Just 14 kms from Santa Marta and nestled at 600 meters a.s.l in the tallest coastal mountain range in the world is Minca: a cool, tranquil village seemingly forgotten by the rest of the world. Declared an ecological paradise and named after the Spaniard Don Juan de Minca who arrived in the 19th century and immediately fell in love with the area, the explorer discovered that the soil was perfect for growing coffee, and to this day, Minca is famous for its delicious organic harvest. Up until a several years ago this area was considered a “no go zone” due to guerrilla activity, but this has changed, and with an increase in foreign investment in Santa Marta, Minca is slowly achieving recognition with both local and foreign tourists. One local confirms Minca’s popularity with the extranjeros saying: “I need to learn English in order to go to Minca.”
Due to its altitude, Minca is the perfect escape from the stifling heat of la costa, with an average temperature 10 to 15 degrees cooler than the steamy coast below. You can feel the fresh, crisp air as you wander leisurely through the village stopping at Minca Café for their famous brownies and coffee, or having a delicious home-cooked meal at La Cocina D Rochi. In this small, tight knit community you’ll find food from all over the world, with its excellent quality and price.
Spend your evenings enjoying panoramic views of the Sierra Nevada de Santa Marta as the sun sheds its colors, transforming the sky in an array of oranges, yellows and reds. The Information Centre opposite the police station is where you’ll also find different activities available in the region. Try adrenaline-fueled downhill mountain biking (starting at 3,100 metres), canyoning, tubing, rafting, horse riding, hiking, or splash into the natural pools. You can also experience a day in the life of a coffee farm at La Victoria, or go birding and have the chance to see over 260 different species.
Most of the hikes in the area follow Pre-Columbian trails where you can admire the ancient stonework and rock carvings. For the sturdy and strong, try hiking the 5 to 6 hours up to Hostal Los Pinos (1,760 mts), with its amazing views of the Sierra Nevada. For the lazy, there’s moto service to El Campano and walk the final stretch. From here you can climb even higher to San Lorenzo and the Cerro Kennedy (2,620 mts). There is lodging at Hostel Santa Elena for the spectacular views of the snow peaks of Pico Bolivar and Colon. For birders, there’s a challenging, and unique, hike to the El Dorado Bird Sanctuary.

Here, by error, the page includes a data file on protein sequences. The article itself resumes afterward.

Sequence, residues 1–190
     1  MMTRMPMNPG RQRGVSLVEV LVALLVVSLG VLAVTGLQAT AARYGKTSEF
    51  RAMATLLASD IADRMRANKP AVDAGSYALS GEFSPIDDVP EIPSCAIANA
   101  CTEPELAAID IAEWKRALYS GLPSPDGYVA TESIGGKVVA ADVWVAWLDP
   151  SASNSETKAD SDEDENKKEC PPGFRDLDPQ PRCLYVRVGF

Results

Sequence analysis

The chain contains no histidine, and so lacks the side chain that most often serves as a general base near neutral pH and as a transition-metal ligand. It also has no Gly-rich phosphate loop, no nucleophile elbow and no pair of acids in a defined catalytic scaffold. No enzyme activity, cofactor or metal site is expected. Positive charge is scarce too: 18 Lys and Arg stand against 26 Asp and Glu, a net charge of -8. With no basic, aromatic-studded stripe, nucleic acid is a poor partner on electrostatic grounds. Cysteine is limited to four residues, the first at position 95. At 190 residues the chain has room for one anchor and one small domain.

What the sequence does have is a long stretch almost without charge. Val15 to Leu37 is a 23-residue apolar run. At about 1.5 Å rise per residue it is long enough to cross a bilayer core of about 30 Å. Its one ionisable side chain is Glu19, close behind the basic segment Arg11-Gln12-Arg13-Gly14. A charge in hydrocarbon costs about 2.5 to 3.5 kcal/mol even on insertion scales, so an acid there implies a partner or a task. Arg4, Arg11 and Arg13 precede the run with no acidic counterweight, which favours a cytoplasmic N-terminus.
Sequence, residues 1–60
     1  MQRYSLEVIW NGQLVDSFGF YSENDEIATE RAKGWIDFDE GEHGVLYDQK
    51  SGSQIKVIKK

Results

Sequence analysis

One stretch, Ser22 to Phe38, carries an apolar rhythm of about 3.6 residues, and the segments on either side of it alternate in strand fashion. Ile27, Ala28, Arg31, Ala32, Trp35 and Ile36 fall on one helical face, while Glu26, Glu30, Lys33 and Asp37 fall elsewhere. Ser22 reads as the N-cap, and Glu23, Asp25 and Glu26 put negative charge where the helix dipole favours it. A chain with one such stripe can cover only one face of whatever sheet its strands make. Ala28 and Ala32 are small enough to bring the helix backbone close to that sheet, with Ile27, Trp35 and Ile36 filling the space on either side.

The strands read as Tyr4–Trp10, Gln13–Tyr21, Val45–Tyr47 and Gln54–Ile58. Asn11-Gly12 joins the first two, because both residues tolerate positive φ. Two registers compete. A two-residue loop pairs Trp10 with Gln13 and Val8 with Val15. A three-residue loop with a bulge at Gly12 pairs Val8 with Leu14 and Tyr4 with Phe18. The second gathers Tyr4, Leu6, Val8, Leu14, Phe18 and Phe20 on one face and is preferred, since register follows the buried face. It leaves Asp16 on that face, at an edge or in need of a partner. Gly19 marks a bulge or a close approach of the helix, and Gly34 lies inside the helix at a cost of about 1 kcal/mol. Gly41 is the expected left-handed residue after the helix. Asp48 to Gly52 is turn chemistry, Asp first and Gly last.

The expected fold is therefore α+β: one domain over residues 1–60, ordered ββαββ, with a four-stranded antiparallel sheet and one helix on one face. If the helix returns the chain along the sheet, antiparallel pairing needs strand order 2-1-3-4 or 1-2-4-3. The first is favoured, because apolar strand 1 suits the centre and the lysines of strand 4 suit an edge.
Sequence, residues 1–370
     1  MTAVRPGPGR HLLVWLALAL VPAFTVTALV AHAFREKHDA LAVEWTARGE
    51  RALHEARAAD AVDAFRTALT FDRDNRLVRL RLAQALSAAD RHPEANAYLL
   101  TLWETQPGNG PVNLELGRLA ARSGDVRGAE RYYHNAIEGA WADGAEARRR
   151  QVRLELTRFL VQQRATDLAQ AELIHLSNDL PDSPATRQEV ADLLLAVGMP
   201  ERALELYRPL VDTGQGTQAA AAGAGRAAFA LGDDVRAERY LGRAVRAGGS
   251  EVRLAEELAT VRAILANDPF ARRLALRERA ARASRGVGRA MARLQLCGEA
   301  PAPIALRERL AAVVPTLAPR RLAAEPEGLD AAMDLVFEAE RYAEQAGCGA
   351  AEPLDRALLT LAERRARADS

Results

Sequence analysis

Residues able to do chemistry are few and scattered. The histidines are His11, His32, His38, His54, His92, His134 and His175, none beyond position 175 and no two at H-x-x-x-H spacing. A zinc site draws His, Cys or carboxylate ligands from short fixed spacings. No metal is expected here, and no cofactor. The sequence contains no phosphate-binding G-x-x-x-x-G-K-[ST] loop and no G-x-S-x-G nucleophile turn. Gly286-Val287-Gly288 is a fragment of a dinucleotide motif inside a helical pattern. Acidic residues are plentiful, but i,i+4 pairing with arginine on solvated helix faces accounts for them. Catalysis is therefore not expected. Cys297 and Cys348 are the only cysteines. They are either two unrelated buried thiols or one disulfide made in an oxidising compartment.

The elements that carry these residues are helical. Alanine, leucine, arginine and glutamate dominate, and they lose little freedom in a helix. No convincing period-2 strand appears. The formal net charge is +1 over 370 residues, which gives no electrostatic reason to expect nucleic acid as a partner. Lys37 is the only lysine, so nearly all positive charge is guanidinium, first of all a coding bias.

A non-tourist trail – the Paso del Mango (from Minca to Bonda) will take you over indigenous paths, passing ancient stonework and shrouded in mango trees. You can extend your trip and spend a night at the ecological Finca Carpe Diem and visit a cocoa processing plant and butterfly farm. The many cascading waterfalls offer walkers a chance to refresh and contemplate the pristine eco systems. And if hiking is really “not your thing,” walk 10 minutes down the hill to Las Pierdas where you will find huge smooth boulders you can scramble over for easy access to the river. Pozo Azul and La Casada Marinka, a mere 45 and 20 minute walk respectively, is the idyllic way to experience clear snowmelt mountain water in naturally-carved pools.
Accommodation varies according to your needs. Rancho de la Luna and Oscar’s Place, both eco-hostels offer fantastic views of Santa Marta and the Caribbean. Dormitories and private rooms are available. Backpackers will enjoy Casa Loma and their comfortable tree house accommodation. “We offer a general place of pure tranquility, where guests can relax and enjoy stunning views of Santa Marta and the surrounding Sierra Nevada,” states Jay, founder of the lodge. Their sister hostel, La Loma, offers yoga and a soon-to-be vegetarian restaurant. Other places to stay include Sans Souci, with its farm setting, Ecohabs and Hostal Colonial. Hotel Minca and Hotel Sierra’s Sound also offer comfortable beds and good dining options.
There is no bus service from Santa Marta to Minca. So best head to the central market on Calle 11 with Carrera 12, and hop in a shared taxi that states “Estacíon Minca” – it will cost $6,000 pesos per person. Best arrive before 3 pm, as later there are fewer taxis and the area around the Mercado gets a bit risky. The other option is to head to ‘Yucal’ by bus or taxi and jump on a mototaxi for $8,000 pesos. Expect a bumpy ride along a dirt road.
Take enough cash, as there are no ATMs in Minca. Bring the necessary insect repellent, long pants, walking shoes, bathing suit, a camera and of course, a good attitude.
Minca is a magical place where you’ll find peace, excellent food and accommodating locals. Lodge owner, Jay believes the reason Minca has such powers of attraction lies deep in the people, and the pride they take in preserving this remote corner of paradise.